I have had parents drop off kids subconsciously work their kids into crying fits just so they feel missed. It goes like this:
Parent: Goodbye!
Kid(still fine): Bye!
Parent: Arnt you sad I wont see you for 5 whole days and your going to have to spend all this time away from me and I love you but wont be able to hug you goodnight?
Kid:BWAAAHHAHA

This is a bad move, it makes everyone worse off. It can be really hard to accept that your kid is just fine away from you, but they are. Just make sure that the whole thing seems fun and it will be. It sounds absurd that someone would sabotage a goodbye, but you would be amazed at how often I see it, and have to clean up their mess afterwards.

Say your bringing a present when you get back, that way they will be stoked to see you and you do not have to make them cry.
posted by Felex at 4:51 PM on February 9, 2011 [5 favorites]


But he has just in the past two weeks started to develop attachment/separation anxiety issues - crying when I leave, etc.

Then this is the perfect time for him to start developing an equally strong attachment to his daddy too.
posted by ook at 4:54 PM on February 9, 2011


I'm a mother of three, I lvoe my kids with all my heart but I wish I had taken more opportunities to be away from my kids. I even cut my honeymoon short to go home to my three month old. She was fine without me, your little guy will be fine with family and the break is good for you! (I wouldn't see it as five days away - I'd see it as four nights of uninterrupted sleep!)
posted by saucysault at 5:25 PM on February 9, 2011 [1 favorite]


The question is really whether you will be alright. I had to make a similar trip when my daughter, now one, was the same age. It was hell. I texted her father constantly, I sobbed in the hotel room every night, and I looked at pictures of her on my iphone every chance I got. It made me realize how attached I am to her and it was a scary thing to come to terms with. "How do parents do this?" I asked myself. "what is wrong with me as a parent that I can't do this?" etc. etc.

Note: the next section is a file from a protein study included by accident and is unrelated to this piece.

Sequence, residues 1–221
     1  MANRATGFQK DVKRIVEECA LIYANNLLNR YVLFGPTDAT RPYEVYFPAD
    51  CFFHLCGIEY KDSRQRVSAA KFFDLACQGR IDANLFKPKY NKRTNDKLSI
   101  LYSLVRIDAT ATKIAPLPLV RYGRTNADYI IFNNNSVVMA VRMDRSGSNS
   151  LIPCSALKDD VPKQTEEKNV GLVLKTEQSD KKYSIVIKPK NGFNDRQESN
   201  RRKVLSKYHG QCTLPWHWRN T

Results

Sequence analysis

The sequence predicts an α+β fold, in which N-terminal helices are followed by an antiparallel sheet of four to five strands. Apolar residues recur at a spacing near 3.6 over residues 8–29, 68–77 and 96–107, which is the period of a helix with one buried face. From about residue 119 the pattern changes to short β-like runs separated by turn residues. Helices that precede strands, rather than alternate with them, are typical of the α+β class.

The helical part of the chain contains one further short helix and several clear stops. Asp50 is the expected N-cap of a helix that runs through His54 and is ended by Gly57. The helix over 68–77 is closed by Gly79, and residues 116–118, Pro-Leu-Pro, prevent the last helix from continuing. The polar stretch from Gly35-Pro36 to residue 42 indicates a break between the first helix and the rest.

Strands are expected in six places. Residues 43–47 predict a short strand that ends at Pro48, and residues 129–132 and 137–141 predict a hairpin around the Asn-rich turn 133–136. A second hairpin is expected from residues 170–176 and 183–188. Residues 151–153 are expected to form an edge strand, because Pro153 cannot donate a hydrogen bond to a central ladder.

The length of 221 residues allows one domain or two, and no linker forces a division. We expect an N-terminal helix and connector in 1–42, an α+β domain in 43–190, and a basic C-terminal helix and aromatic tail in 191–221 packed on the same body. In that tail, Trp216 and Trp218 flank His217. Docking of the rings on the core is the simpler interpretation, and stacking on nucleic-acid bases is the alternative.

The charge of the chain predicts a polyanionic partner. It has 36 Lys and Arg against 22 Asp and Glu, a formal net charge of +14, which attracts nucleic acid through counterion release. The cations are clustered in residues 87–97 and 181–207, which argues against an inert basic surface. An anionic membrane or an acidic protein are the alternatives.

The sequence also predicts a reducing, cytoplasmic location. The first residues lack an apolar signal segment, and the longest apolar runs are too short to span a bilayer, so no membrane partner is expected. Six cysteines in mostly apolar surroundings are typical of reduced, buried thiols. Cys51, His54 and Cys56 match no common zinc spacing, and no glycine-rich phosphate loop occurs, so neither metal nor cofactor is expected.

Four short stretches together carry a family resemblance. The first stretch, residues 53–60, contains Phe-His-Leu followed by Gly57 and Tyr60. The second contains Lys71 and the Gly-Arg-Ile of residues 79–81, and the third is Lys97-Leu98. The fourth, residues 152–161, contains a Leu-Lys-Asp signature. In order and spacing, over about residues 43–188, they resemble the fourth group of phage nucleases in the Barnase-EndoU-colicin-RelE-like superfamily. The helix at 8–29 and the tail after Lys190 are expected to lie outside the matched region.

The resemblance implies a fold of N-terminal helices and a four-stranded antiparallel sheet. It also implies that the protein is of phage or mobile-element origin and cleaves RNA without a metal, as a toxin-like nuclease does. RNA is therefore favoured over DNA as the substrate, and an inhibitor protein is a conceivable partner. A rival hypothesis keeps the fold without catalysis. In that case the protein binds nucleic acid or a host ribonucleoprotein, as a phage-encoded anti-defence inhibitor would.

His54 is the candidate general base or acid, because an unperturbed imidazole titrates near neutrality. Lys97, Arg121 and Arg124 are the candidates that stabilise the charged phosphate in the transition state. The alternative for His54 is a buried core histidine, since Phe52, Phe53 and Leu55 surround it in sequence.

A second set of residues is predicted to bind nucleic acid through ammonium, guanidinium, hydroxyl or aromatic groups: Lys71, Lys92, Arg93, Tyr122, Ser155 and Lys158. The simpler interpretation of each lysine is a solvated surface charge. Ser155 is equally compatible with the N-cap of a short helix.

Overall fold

I have no advice except perhaps to say that this is an opportunity to become mindful of your own needs and feelings as an attached being. for me, returning to daily meditation practice was a way of dealing with the overwhelming feelings of being a parent, and more specifically of the enormity of what I stood to lose should anything happen to my daughter. You may find other solutions; I just want you to know that you are not alone and I wish you the best of luck.
posted by Morpeth at 7:02 PM on February 9, 2011


"I hurl you into the world and I pray".
I have a feeling this quote may help you deal with a lot of firsts in his life.
posted by whalebreath at 7:34 PM on February 9, 2011 [3 favorites]


ps: when I returned from my trip I went straight to my daughter's daycare to pick her up. She was playing with some blocks; she looked up, saw me, and gave a cry before crawling into my lap and sucking her thumb. It was a moment of utter contentment for both of us, and it made me realize that the time away had only strengthened the bond between us.
posted by Morpeth at 7:42 PM on February 9, 2011 [1 favorite]


The baby will be fine. Go see a movie, have a funny-colored drink or two at dinner, sleep in, and remember that he will not remember this in a few years, no matter what happens, but the grown-ups in his life will remember how you handle it.
posted by SMPA at 8:11 PM on February 9, 2011


Thanks everybody. He WAS fine, and so was I.
posted by bq at 3:33 PM on April 7, 2011 [1 favorite]